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How do you watch your favorite TV shows? Chances are, you’re still using that traditional TV in your living room, but according to a report from Nielsen audiences are increasingly going mobile to consume videos and television.
Nielsen released its 2011 State of the Media: Consumer Usage Report Monday, which looks at all the data collected by the company over the course of the past year to paint a bigger picture of how we consume media, and what devices we’re using to do it.
First, it looks at what devices we’re using, and good old-fashioned set-top TVs are still the standard. In 2011, 290 million people in the U.S. had at least one TV, and 85.9 million homes had a broadband connection. For 288 million people, traditional TV is still the main method of watching TV and videos. Internet was next, with 143 million people watching over home or work computers, followed by 111 million viewers who watched timeshifted TV (programs recorded to watch later), and 30 million people who watched on their mobile phones. This divide between set-top and new devices was even larger when broken down by how much time was spent watching TV.
Next, the study zoomed in on online habits to look at how people are consuming media on their non-TV devices. Streaming service competitors Hulu and Netflix are consumed differently by viewers. Hulu is more likely to be watched directly on a computer (89% of users) or on a computer connected to a TV (20% of users). The majority of Netflix subscribers are streaming over a video game console (50%), then computers directly (42%) and on a computer connected to a TV (14%). Only a tiny sliver of people use the services on an Internet enabled TV.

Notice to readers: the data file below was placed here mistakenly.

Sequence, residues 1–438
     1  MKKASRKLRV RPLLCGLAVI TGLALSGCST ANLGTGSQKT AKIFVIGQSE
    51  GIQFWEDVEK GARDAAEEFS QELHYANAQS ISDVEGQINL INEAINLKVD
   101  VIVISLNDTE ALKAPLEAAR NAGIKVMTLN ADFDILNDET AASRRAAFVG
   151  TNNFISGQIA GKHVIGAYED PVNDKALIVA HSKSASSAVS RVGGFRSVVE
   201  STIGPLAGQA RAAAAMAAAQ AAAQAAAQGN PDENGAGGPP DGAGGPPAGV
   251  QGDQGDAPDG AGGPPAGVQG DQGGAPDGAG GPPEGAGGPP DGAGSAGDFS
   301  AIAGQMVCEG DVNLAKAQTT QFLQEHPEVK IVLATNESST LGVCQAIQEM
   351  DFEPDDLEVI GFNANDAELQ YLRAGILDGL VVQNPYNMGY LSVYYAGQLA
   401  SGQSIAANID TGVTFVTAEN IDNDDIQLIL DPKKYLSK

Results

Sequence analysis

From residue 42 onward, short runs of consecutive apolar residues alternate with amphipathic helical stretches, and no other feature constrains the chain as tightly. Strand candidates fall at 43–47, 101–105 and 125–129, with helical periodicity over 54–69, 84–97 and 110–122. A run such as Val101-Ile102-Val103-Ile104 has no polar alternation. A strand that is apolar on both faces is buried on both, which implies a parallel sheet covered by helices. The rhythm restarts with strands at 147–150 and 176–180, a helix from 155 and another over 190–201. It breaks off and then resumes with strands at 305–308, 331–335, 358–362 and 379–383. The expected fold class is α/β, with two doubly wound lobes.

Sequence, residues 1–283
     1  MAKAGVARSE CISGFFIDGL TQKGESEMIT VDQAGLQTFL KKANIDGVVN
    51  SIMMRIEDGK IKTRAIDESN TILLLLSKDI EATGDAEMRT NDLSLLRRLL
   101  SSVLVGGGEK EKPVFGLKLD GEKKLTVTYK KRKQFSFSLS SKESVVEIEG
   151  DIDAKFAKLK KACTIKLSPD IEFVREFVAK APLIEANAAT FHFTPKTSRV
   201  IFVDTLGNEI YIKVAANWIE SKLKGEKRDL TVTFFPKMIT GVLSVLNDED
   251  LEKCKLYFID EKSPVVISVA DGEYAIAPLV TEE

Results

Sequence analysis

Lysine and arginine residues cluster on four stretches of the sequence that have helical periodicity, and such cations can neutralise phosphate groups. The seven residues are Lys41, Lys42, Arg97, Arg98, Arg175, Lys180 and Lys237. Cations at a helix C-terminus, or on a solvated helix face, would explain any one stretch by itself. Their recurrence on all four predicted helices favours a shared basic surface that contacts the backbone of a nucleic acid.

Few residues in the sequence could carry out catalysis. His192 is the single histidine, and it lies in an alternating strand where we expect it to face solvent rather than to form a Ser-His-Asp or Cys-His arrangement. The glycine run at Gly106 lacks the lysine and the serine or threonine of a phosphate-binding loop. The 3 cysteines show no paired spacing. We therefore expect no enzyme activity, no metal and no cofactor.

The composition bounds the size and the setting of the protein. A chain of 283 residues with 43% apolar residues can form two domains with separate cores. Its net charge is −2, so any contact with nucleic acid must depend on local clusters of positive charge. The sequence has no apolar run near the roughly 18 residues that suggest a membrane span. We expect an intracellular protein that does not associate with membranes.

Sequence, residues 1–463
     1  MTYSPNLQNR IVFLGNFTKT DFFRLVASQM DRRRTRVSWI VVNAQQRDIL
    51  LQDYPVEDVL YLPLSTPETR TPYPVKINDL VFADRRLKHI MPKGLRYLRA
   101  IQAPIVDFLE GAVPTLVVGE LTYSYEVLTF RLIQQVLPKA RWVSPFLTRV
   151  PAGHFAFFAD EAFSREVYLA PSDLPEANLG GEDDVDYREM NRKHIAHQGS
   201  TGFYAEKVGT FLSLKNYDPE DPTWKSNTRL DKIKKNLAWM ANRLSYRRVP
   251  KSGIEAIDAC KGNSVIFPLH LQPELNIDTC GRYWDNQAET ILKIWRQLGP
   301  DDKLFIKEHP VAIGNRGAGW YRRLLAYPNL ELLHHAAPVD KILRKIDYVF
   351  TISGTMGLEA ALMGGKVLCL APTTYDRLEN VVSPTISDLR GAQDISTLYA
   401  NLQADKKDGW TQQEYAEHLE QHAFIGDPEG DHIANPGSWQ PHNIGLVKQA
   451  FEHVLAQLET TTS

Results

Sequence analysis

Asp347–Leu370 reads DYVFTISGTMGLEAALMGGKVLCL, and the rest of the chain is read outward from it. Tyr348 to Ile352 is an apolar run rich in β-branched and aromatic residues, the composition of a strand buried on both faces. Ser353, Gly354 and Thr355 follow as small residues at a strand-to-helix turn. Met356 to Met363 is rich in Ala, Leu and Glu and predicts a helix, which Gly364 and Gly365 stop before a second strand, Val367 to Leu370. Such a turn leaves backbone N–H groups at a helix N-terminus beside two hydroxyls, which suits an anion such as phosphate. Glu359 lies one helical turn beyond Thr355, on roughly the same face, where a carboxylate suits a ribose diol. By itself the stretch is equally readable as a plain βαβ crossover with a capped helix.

Online video services break into two sections, with sites that offered bite-sized videos getting more unique viewers, and sites with full shows capturing more eyeball time per month. YouTube gets far-and-away the most unique views, with 126.5 million hits, and Netflix gets the most viewing time, with 10 hours a month per person.
Finally, Nielsen expands its horizons and looks at tablet and smartphone habits. If they have a tablet, people love to multitask while watching TV, and they do it almost as much during the real programming as during ads. Most often, we check our email, look up unrelated information online and hit the social networks. Many viewers also look up information related to the shows or commercials they see on TV.
The study looked found that 51 percent of people don’t mind getting ads on their apps if it’s free, and people (unshockingly) prefer free apps. The average person has 33 apps on their smartphone or tablet, a mixture of paid and free. The majority of apps are games, followed by social networking and music apps.
Here are some more stats from the study:
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